Appetite reflects a complex interaction between the external environment, the behavioral profile, and subjective states as well as the storage and metabolism of energy [12]. The expression of appetite manifests the interplay of events and processes that occur at three levels: (1) psychological events such as perceptions of hunger, food cravings, or hedonic sensations, and the corresponding behavioral actions; (2) responses in the peripheral physiologic system and metabolic events which stem from nutrient absorption, metabolism, and storage; and (3) central neural processes that translate the physiologic events [13].

The hypothalamus is the cerebral appetite center, integrating peripheral humoral signals that transmit information about food intake and energy expenditure with neuronal signals from the brainstem and higher cortical center dealing with cognition, pleasure, and emotion [14]. Within the arcuate nucleus of the hypothalamus there are two neuronal populations with opposing effects on food intake. The neurons which co-express neuropeptide Y and agouti-related peptide (AgRP) increase appetite, whereas the neurons that co-express the cocaine- and amphetamine-regulated transcript (CART) and proopiomelanocortin (POMC) decrease appetite, by acting on the melanocortin-4 receptor (MC-4R). Proopiomelanocortin cells produce α-melanocyte stimulating hormone (α-MSH) an MC-4R agonist, whereas AgRP is an MC-4R antagonist [15, 16]. Following the ingestion of food, sensory information is transmitted from the gastrointestinal tract to the central nervous system either through vagal and somatosensory afferent fibers or via bloodstream signals which may be the gut hormones [17]. The presence of an incomplete blood–brain barrier in the regions of the brain such as the area postrema permit many circulating signals, including the gut hormones, direct access to the central nervous system [18]. Thus, complex neuronal pathways with reciprocal connections between the hypothalamus, brainstem, and higher cortical areas [19] are involved in the control of appetite acting through endocrine and neuronal feedback signals from the periphery to synchronize appetite perception, food intake behavior, and energy homeostasis.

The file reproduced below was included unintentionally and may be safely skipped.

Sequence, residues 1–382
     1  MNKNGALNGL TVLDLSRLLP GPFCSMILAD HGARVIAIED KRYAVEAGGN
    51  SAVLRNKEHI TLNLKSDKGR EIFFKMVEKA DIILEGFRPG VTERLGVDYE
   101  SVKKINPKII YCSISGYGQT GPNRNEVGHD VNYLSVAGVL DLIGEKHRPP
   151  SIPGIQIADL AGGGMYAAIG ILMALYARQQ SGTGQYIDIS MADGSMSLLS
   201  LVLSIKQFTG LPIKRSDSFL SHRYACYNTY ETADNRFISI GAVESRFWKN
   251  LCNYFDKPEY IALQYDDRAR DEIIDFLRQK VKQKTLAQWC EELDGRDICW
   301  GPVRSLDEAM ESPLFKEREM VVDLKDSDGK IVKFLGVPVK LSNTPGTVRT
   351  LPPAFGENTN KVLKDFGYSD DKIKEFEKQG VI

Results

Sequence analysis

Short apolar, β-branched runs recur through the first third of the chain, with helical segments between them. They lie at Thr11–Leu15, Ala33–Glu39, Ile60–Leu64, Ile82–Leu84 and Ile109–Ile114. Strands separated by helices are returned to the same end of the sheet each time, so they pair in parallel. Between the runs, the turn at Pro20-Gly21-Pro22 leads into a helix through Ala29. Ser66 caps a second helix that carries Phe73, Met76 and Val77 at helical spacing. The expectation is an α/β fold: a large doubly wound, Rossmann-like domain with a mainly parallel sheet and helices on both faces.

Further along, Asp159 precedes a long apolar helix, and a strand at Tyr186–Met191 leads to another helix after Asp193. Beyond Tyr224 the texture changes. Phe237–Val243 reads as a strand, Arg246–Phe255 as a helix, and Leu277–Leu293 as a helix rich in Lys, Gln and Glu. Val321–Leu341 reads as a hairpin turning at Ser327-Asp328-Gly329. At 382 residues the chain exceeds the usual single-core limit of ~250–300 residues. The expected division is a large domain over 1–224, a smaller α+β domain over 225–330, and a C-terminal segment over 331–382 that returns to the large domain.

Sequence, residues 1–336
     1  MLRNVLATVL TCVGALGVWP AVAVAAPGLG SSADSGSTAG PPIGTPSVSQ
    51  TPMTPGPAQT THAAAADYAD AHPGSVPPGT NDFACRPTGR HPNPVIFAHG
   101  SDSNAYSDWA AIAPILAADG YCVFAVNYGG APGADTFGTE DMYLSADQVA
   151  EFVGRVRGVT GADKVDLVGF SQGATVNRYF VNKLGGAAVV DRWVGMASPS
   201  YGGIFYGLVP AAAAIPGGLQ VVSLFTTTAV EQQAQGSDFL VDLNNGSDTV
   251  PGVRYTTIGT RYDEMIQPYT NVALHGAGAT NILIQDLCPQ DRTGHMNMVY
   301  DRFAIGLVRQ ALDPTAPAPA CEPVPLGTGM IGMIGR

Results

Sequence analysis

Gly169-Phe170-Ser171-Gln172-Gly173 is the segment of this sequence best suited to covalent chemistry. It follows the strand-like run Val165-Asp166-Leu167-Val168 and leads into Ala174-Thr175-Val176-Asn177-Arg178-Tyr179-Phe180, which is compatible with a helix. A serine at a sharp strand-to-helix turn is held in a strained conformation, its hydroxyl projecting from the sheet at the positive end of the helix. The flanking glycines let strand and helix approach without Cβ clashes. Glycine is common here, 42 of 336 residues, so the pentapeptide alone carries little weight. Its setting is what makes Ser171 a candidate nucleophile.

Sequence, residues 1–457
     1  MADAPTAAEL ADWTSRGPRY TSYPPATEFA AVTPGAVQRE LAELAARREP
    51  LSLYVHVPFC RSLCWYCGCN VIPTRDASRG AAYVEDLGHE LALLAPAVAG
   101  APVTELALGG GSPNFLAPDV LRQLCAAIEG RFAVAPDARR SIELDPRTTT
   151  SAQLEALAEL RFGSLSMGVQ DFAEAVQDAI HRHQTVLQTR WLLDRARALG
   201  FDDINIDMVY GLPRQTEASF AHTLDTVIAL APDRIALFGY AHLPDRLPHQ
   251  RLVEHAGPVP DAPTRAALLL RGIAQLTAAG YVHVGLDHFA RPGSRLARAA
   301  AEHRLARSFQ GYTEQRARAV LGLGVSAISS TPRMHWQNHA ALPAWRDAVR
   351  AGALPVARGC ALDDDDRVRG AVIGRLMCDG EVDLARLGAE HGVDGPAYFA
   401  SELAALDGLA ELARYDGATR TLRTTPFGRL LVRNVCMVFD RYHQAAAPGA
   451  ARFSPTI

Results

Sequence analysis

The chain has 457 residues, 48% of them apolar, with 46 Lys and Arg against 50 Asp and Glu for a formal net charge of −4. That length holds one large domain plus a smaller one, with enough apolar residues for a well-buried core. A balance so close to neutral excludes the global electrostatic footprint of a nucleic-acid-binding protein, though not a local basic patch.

The widely accepted homeostatic view of the control of food intake is that adiposity signals such as leptin and insulin influence the sensitivity to meal-derived satiation signals to regulate meal size in response to changes in body weight [20]. Energy homeostasis is coordinated by two sets of signals. Long-term or tonic signals emanate from tissue stores, predominantly adipose, and include chemical signals such as leptin, insulin, adiponectin, and certain cytokines. Short-term or episodic signals are generated periodically as food intake occurs and for the most part arise in the gastrointestinal tract. Some of the chemical components of episodic signals are cholecystokinin (CCK), peptide YY (PYY), glucagon-like peptide-1 (GLP-1), ghrelin, and oxyntomodulin released from cells in and around the gastrointestinal tract. Cerebral integration of tonic and episodic signals reflects the current state of energy stores and the flux of nutrients prompted by an eating episode [21].

Translation of the metabolic need into behavioral action is closely intertwined with reward and is orchestrated by a cognitive and emotional brain that operates on factors such as past experiences, cost, and availability [22]. The mesocorticolimbic system is involved in reward processing through dopamine release from neurons in the ventral tegmental area and their projections to the nucleus acumbens, amygdala, prefrontal complex, and other forebrain regions [23]. In the reward system, dopamine and opioid systems interact in the determination of eating behavior [24]. Dopamine signaling plays an important role in translating motivation into action [25], and increases the drive to obtain a rewarding stimulus, but it is opioid peptide transmission in the nucleus acumbens rather than dopamine that modulates the hedonic or pleasure impact of food [23, 26] (Fig. 1). Specifically, opioids, particularly the µ-opioids, covey the reward sensation of desirable foods whereas dopamine regulates the reward value of food and the motivation to obtain that food [27]. Thus, appetite reflects (1) physiologic hunger or a conscious sensation reflecting an urge to eat and (2) reward that can be triggered without any physiologic hunger, but is still controlled physiologically.
Fig. 1

Brain reward circuitry. a Neurons in the VTA of the midbrain project to forebrain areas including the NAc, striatum, and cortex, and assign reward value to palatable food. b Perception of pleasure associated with consumption of a palatable food involves neuronal activation in the NAc and striatum, which through activation of opiate peptide receptors disinhibits the lateral hypothalamic area and thereby stimulates feeding. Amy amygdala, GP globus pallidus, NAc nucleus accumbens, VTA ventral tegmental area. Reprinted with permission from Macmillan Publishers: Morton et al. [26]